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I just got my copy yesterday and while I knew that the books were large I couldn't conceptualize how truly massive each volume was until they were in front of me.

I've been reading through the first volume today and the nutrition section in particular with great interest. As I read about all the different studies that have been done and all the contradictory or insignificant results, I began to wonder if there is such a thing as THE optimal diet - perhaps instead there a handful or dozens of optimal diets for people with specific genetic traits. I have no scientific basis for this hypothesis but perhaps genetic variation between people accounts for the disparate effects from different diets.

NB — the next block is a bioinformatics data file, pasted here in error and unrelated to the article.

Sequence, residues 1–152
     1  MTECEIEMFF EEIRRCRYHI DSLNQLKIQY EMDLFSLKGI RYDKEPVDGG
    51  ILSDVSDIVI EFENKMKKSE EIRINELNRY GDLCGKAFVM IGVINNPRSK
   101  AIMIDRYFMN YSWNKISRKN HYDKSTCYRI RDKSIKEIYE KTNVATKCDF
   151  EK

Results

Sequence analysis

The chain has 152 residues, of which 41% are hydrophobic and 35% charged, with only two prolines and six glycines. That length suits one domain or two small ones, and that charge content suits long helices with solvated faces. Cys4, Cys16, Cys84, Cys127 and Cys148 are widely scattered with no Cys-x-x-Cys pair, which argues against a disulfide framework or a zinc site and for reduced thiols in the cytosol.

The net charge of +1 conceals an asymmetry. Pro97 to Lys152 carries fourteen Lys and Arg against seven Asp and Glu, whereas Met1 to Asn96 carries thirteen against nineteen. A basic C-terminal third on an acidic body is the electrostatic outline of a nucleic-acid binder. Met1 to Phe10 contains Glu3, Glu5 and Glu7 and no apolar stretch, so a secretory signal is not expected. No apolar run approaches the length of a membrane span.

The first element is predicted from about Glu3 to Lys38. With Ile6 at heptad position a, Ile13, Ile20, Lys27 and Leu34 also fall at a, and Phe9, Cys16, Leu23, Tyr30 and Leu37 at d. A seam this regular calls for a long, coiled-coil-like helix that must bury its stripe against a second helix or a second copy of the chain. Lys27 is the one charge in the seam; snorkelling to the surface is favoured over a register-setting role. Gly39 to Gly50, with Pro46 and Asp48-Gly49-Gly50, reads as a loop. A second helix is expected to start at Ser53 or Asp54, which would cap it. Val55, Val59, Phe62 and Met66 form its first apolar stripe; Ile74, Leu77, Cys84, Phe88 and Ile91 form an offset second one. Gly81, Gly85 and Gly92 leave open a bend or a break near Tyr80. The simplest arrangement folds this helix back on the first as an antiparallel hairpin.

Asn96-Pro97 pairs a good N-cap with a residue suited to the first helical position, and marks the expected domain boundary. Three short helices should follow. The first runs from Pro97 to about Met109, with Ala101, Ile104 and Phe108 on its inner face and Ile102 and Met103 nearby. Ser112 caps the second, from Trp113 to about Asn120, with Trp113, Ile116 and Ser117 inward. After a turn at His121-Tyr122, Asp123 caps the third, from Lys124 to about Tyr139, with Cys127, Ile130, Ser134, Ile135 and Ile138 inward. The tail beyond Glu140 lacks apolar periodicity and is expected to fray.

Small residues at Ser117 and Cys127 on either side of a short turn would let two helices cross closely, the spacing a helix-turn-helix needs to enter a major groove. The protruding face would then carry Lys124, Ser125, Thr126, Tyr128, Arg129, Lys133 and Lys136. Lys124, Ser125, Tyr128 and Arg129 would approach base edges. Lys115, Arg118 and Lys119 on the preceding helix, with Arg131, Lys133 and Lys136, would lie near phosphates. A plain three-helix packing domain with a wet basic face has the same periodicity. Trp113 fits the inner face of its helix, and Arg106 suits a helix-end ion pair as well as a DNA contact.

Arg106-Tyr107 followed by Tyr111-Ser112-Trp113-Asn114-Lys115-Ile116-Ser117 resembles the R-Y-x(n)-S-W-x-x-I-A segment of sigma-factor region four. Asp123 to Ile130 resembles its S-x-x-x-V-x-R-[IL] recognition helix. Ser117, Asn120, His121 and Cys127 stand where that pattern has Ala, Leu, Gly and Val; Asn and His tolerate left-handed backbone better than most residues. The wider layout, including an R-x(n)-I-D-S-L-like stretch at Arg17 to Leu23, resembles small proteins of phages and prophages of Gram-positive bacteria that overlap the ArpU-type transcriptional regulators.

Modernist cuisine points out several instances where men and women had very different results from the same diet - I just wonder if that could be taken even further to point where some people would thrive on a low fat diet while others thrive on a paleo diet and so forth.

Some idle wondering on my part - I would be interested to know if any research has been done along these lines.

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I just got my copy yesterday and while I knew that the books were large I couldn't conceptualize how truly massive each volume was until they were in front of me.